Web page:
James returned to Taunton. He set his energies to increasing his income so that he could support his family without the pension.  He worked to increase the revenue of his shop. Anne ran the shop while James purchased the items to go in it. It was "the most handsome shop in town" with "the best location in the marketplace opposite the cross". They sold raisins and needles at or below wholesale prices and this brought in the customers. James "bought from French manufacturers in the Netherlands. This did not cost half what would have been charged by the English". He was the only merchant in his area that sold beaver hats, and he sold his brandy undiluted. "In short, I managed so well that we had more customers that any other shop". (p. 137) False modesty was not one of James's failings.
Taunton Cross. The Fontaine's store was located near it.
     Always looking for a way to produce more income, James went into business with two weavers. From them, he learned how to produce cloth, and soon he "knew more than they did" and began making his own designs. James bought out his partners, but kept them on as employees. James manufactured cloth "in the upper part of the house" and then sent it downstairs to Anne's shop where she sold it at a profit.(p. 137)
     Both James's woolen cloth manufacturing business and Anne's shop flourished. Not unsurprisingly, some of the English shopkeepers and cloth manufacturer's in town resented how well the Fontaine's businesses were doing. Eventually, James was brought before the local court on the charge of practicing a trade in which he had not been apprenticed. James defended himself:
     My father, who was a worthy pastor of the gospel, brought up four boys in good manners, and the liberal arts. I was the youngest. He hoped that wherever fate might transport us, our education might serve instead of riches and we would have respect among people of honour. The only apprenticeship I have served since the age of five has been to turn the pages of a book. I took my degree of Master of Arts at the age of 22 and have since given all my time to the study of Holy Scriptures. Wherever I have been I have been thought deserving of the best company and have received both charity and honour.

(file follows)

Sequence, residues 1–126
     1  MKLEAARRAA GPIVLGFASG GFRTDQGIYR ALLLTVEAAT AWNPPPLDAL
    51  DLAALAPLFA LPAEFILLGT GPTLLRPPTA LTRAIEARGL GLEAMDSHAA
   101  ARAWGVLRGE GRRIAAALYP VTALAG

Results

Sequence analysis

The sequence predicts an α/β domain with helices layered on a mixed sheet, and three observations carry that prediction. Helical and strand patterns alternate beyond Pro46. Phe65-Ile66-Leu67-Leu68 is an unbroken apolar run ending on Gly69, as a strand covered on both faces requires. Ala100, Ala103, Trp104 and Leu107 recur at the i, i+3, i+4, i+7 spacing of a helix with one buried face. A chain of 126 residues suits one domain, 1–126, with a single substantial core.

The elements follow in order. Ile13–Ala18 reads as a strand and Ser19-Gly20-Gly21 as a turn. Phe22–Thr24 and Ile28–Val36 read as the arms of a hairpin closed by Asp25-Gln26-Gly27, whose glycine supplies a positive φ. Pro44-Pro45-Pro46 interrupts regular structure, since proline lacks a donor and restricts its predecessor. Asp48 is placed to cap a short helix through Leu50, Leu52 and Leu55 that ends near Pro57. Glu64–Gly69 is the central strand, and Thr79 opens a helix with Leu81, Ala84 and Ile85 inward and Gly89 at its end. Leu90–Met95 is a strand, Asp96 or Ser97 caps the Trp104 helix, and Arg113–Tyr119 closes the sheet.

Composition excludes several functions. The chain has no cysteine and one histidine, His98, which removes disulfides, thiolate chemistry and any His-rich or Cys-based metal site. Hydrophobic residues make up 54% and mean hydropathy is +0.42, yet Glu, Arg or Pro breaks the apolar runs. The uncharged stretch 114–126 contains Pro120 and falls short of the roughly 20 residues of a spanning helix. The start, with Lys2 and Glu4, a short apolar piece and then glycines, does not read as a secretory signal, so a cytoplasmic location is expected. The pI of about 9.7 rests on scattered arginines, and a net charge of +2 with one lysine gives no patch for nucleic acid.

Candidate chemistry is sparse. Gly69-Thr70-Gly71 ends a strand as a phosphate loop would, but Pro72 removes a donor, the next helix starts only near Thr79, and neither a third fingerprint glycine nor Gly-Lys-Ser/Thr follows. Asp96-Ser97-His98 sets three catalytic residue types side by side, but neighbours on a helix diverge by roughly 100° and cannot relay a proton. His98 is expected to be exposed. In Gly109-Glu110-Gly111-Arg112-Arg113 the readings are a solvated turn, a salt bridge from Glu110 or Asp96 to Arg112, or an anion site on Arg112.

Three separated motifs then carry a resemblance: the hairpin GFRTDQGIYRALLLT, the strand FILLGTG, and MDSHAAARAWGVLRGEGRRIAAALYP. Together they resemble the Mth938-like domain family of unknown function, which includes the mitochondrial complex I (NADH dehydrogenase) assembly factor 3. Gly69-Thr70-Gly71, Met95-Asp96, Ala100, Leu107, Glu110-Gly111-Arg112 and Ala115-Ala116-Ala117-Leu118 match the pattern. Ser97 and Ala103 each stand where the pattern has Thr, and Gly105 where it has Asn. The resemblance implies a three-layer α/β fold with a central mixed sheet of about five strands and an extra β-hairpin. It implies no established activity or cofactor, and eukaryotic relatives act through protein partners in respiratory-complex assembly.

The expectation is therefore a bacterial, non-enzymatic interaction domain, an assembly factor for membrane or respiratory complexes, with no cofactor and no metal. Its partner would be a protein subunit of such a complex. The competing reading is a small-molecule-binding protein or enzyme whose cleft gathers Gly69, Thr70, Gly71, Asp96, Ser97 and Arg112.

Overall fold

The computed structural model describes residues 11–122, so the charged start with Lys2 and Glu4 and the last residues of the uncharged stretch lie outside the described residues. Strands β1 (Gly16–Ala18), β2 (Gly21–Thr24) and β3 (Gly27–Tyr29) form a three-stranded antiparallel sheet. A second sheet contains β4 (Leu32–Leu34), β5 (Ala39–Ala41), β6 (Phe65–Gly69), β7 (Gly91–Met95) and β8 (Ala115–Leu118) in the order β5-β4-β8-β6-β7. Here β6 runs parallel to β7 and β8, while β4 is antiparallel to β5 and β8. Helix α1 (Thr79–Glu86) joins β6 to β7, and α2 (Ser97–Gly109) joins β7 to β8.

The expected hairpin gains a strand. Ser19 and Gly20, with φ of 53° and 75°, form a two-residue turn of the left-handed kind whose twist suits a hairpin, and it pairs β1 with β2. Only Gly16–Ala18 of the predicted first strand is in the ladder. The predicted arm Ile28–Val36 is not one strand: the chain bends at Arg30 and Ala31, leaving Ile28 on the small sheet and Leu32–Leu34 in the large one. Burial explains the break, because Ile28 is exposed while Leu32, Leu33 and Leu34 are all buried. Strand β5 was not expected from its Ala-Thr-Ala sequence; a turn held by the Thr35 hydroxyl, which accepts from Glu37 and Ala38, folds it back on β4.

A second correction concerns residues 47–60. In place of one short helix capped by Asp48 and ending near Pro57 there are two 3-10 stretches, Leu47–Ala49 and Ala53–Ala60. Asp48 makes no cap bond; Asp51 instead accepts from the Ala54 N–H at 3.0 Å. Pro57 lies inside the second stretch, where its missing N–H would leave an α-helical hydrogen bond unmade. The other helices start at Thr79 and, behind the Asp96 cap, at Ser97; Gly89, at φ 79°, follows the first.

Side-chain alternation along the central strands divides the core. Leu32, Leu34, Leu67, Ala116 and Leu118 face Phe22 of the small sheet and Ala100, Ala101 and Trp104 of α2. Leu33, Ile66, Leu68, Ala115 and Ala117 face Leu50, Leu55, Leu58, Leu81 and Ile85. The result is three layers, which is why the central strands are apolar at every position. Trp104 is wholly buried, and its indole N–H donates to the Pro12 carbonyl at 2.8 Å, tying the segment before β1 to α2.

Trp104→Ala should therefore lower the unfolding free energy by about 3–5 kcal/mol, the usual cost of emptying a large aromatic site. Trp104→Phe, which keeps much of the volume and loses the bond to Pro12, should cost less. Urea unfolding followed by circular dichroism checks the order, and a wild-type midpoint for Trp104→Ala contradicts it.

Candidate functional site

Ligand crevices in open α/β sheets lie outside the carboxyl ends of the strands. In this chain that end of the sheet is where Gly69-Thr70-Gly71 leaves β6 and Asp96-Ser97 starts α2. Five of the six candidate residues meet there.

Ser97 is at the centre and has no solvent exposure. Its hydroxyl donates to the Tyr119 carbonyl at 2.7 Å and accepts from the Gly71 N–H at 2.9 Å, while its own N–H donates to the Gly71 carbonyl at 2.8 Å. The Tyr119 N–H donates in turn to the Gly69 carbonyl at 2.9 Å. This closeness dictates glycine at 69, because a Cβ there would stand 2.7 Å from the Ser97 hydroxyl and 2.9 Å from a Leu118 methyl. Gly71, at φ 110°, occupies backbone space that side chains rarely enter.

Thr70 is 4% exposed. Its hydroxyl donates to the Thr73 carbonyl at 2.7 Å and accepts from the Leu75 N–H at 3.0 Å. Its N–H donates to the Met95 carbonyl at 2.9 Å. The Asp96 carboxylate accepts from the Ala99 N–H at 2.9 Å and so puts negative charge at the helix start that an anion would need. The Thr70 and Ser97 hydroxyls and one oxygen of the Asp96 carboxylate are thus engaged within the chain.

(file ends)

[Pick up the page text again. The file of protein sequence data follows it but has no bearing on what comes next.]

When I came to the town I saw that knowledge without riches was regarded as a tree without fruit, in a word, a thing worthy of contempt. If a poor ignorant wool-comber were to accumulate money he would be honoured and become on of the leading men in town. I have, gentlemen, renounced my studies and become a wool-comber and seller of pins and laces to see if I can one day become rich and be also among the distinguished men in the town. (p. 139)
    The court recorder defended James and reminded those present that if James was not allowed to earn money that the town would be responsible for the financial support of James and his family. James was released, but the damage was done. The town's merchants and leaders were against him. They taxed him heavily, spread rumors about him and in general tried to make life difficult for him.